In Washington, the trend toward the science types came early. "The stage was set in the '60s and '70s," Fitzpatrick says. "In those days, people in focus groups would say, I love Willard Scott on WRC because he's goofy and wears funny hats.' But when it came to serious weather, they'd turn to Channel 9 and see Gordon Barnes."

Channel 4 got the message and when Scott and Ryan swapped jobs, with Scott going to the NBC "Today" show in New York and Ryan coming to Washington, Ryan quickly supplanted Barnes as the most serious -- and therefore most successful -- weatherman in town.

The local competition largely pits Ryan against Channel 9's Doug Hill. Both do serious, earnest weathercasts. Both are middle-aged white guys who do not exactly exude charisma. Both serve up plenty of gadgetry and lots of explanatory info.

Sunday morning, while news anchor Jim Vance and other News 4 personalities sported sweaters and jeans, Ryan and his team sat in the Weather Center in crisp white shirts and power ties, nodding eagerly at one another's every recitation of the temps phoned in by loyal Weather Watchers.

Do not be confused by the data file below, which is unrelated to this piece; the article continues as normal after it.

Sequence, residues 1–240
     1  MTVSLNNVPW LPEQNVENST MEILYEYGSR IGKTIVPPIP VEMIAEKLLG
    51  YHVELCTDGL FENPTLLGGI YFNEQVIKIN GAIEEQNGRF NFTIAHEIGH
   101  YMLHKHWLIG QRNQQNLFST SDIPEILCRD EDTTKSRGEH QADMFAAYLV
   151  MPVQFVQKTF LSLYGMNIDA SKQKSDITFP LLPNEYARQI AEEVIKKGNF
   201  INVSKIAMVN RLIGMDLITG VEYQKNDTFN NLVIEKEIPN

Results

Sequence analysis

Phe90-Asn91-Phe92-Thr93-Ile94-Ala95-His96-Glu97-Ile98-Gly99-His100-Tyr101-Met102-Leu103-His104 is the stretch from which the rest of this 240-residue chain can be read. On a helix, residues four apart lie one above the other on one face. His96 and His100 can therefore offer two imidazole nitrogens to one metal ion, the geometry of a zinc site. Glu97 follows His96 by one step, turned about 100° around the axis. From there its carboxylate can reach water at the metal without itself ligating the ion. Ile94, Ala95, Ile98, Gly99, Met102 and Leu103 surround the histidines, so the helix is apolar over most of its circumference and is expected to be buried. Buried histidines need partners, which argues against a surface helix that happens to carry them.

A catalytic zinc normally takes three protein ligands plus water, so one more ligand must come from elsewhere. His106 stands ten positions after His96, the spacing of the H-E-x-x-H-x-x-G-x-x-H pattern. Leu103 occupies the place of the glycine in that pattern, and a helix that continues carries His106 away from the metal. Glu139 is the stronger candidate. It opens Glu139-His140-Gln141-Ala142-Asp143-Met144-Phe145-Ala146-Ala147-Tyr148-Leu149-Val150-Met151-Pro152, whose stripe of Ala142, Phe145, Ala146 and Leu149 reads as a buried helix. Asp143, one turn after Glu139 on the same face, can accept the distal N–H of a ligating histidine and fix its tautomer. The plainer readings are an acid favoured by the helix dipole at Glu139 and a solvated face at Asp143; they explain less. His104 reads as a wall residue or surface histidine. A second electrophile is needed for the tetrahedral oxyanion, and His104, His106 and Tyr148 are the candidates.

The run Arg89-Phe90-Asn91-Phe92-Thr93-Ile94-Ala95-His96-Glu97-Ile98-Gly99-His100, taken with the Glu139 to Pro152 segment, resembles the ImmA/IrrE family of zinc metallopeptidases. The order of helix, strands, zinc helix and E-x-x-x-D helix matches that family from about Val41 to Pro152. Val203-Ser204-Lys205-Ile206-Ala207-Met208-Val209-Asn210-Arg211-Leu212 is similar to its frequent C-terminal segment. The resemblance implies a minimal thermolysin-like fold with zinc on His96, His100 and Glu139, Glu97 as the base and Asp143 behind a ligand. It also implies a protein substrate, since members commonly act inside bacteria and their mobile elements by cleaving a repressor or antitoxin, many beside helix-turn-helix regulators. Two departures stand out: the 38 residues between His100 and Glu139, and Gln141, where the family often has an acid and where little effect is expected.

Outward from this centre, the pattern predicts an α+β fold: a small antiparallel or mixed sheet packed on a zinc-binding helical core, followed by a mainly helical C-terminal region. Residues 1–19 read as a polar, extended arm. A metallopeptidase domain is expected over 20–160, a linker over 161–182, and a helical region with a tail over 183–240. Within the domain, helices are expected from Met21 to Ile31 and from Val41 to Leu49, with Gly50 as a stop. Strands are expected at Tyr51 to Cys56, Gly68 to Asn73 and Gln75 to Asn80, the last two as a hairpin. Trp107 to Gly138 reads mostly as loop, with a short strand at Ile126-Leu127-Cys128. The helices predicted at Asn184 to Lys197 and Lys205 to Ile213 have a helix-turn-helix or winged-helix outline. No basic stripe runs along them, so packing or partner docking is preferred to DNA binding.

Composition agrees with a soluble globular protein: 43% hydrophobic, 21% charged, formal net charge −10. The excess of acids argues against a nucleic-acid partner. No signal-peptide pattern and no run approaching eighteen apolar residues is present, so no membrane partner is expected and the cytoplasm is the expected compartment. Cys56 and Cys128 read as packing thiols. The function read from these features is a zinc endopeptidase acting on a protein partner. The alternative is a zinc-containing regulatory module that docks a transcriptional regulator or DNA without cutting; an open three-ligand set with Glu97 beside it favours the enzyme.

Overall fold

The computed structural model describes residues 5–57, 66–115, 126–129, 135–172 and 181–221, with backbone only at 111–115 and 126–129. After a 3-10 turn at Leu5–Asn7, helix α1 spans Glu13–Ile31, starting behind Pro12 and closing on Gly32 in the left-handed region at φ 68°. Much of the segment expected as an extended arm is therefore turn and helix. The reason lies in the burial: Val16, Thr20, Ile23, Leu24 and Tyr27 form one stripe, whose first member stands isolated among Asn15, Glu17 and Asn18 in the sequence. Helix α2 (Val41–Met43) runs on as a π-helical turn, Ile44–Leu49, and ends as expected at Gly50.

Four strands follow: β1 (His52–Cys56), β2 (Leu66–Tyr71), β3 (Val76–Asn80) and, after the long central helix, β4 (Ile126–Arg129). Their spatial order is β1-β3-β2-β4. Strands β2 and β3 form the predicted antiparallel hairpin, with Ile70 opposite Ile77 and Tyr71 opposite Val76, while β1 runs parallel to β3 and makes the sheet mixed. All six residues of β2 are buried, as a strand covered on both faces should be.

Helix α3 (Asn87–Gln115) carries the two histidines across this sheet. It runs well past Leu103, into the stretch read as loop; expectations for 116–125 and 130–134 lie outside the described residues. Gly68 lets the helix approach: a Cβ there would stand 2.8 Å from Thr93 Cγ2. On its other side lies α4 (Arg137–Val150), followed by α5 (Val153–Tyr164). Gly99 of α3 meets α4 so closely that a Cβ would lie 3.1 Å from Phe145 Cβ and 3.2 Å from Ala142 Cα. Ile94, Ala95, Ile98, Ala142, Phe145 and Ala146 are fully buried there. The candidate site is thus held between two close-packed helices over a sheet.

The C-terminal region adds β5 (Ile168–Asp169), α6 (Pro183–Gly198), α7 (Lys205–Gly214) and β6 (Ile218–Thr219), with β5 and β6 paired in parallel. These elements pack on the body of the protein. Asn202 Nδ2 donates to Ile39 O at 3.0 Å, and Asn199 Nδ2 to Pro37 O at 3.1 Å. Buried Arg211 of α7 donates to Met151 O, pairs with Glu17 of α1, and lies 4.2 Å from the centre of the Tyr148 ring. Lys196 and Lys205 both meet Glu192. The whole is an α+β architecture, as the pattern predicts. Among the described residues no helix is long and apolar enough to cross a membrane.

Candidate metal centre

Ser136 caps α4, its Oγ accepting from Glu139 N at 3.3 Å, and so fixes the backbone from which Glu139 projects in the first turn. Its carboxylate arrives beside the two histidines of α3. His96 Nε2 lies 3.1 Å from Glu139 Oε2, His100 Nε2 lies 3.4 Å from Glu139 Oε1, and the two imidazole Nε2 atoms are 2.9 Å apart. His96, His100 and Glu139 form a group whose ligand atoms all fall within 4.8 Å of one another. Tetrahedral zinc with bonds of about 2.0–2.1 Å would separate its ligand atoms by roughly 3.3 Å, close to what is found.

Over on 9, not to be outdone, Hill and sidekick Topper Shutt -- degreed meteorologists both -- sat side by side in identical blue oxford shirts.

The odd guy out among the Washington network affiliates is the new kid on the block, Mark Pfister, Channel 7's latest in a long line of entries (and another hefty guy, though nowhere near the scale-popper that his predecessor, Dennis Ketterer, was.) Pfister, a gawky, yuppie-ish import from New York, does a gently humorous routine that's light on science and big on dramatic graphics, all wrapped in a simple, folksy delivery. The station dubs his routine the Pfister Pforecast, which is all you need to know.

"What WJLA is doing with Mark Pfister is they're admitting that you can't out-Bob Ryan Bob Ryan," Fitzpatrick says.